Hope and healing: Social work to hold conference on fighting substance abuse

In recent years, illicit drug use and alcoholism have grown in relevance and affect a vast amount of people. However, according to the National Institute on Drug Abuse, only 11 percent of people struggling with substance abuse receive the help they need.

The BYU School of Social Work is hosting the 13th Annual Social Work Conference on Friday, November 2 at the Hinckley Alumni Center. The free conference will highlight issues, concerns and approaches relevant to every day relief for those who struggle with substance abuse. Professionals, students and members of the community are invited to learn more about this prevalent social problem and obtain strategies to help individuals and families affected by this issue.

In the past 15 years, deaths due to prescription drug abuse have quadrupled in the state of Utah. While the harmful effects of substance abuse are widespread, timely public information is not as far-reaching. According to Assistant Professor of Social Work Cory Dennis, “it’s important to understand that people don’t choose addiction.”

The purpose of this conference is to narrow that knowledge gap as well as inform professionals and work to make an impact in the fight against substance abuse. If people could learn only one thing at the conference, it would be “that behind the addiction is a human being,” says Dennis, noting the importance of “making compassionate and informed approaches to treatment.”

For more information, go to the conference website and be sure to register.

BYU psychology professor looks to acupuncture for treating addiction

BYU psychology professor Scott Steffensen is showing that acupuncture can have a very real impact at the neurological level, better helping those recovering from addiction.

Steffensen, in collaboration with a lab in South Korea, has published studies addressing the neural underpinnings of acupuncture, with three over the past year in the journals Addiction Biology and Scientific Reports.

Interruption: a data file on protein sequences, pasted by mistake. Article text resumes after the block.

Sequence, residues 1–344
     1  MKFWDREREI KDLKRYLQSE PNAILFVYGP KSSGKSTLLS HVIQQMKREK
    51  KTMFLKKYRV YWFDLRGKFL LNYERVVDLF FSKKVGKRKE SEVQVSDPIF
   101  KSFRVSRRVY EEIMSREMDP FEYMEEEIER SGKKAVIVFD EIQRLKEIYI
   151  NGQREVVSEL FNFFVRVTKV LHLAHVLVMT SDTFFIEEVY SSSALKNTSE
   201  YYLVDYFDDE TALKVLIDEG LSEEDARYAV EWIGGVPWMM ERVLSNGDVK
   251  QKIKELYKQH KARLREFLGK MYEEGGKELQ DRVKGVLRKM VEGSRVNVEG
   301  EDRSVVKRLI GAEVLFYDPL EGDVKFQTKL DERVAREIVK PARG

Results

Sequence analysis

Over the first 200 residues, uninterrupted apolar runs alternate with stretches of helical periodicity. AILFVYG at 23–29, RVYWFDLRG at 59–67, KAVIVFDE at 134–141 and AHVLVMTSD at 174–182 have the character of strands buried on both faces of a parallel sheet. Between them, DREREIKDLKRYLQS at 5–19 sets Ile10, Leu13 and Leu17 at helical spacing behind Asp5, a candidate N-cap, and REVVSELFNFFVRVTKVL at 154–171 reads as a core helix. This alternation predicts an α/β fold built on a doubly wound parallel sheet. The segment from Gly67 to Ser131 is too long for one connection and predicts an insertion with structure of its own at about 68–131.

“The objective of our research, and that of our South Korean collaborators and other labs, is to characterize the neurobiology of acupuncture with evidence-based research,” Steffensen said. “In other words, does acupuncture work through established neural pathways in the periphery and central nervous system? However, of particular interest to us is that acupuncture has been shown to be effective in animal models to ameliorate drug cravings and self-administration.”

Acupuncture has ancient Greek, Egyptian, Arabic and Chinese origins. It’s been used for centuries to treat various medical conditions and diseases. However, the longevity of its use does not necessarily prove its effectiveness. The success of acupuncture in alleviating some medical conditions is not clear and there is no consensus regarding which mechanisms to use. Some claim there are unknown energies underlying acupuncture’s success in alleviating pain. Others claim sensory stimulation blocks pain transmission. Others claim it has a strong placebo effect.

Steffensen is going beyond the previous claims and is studying the neuroscience behind acupuncture. He has shown it to be an effective method of activating pathways from the peripheral nervous system to the central nervous system. Here’s how:

  • Those suffering from withdrawal have dysregulated dopamine levels in the midbrain reward/pleasure system
  • This causes dysregulation of GABA neurons in this system, and they become hyperactive, inhibiting dopamine neurons and lowering dopamine levels during withdrawl
  • Lowered dopamine levels is the driving force for relapse
  • Accupuncture stimulation inhibits GABA neurons
  • This restores dopamine levels and effectively lowers the driving force for relapse

In the US, more than 20 million people suffer from drug and alcohol abuse issues, with only 19 percent of them receiving treatment and only 50 percent of those ever recovering.

“We really, really hope that this research can provide an avenue to help people get their lives back,” said Kyle Bills, a neuroscience Ph.D. candidate and coauthor on the Steffensen lab’s most recent paper.

The Steffensen lab has published different papers looking specifically at acupuncture protocols for alcohol addiction, cocaine addiction and methamphetamine addiction and hopes to advance the acupuncture technology with state of the art neuroscience tools.

“We hope to develop a treatment system for ameliorating drug cravings,” Steffensen said, “as an effective supplement to addiction therapy.”

Jon McBride, University Communications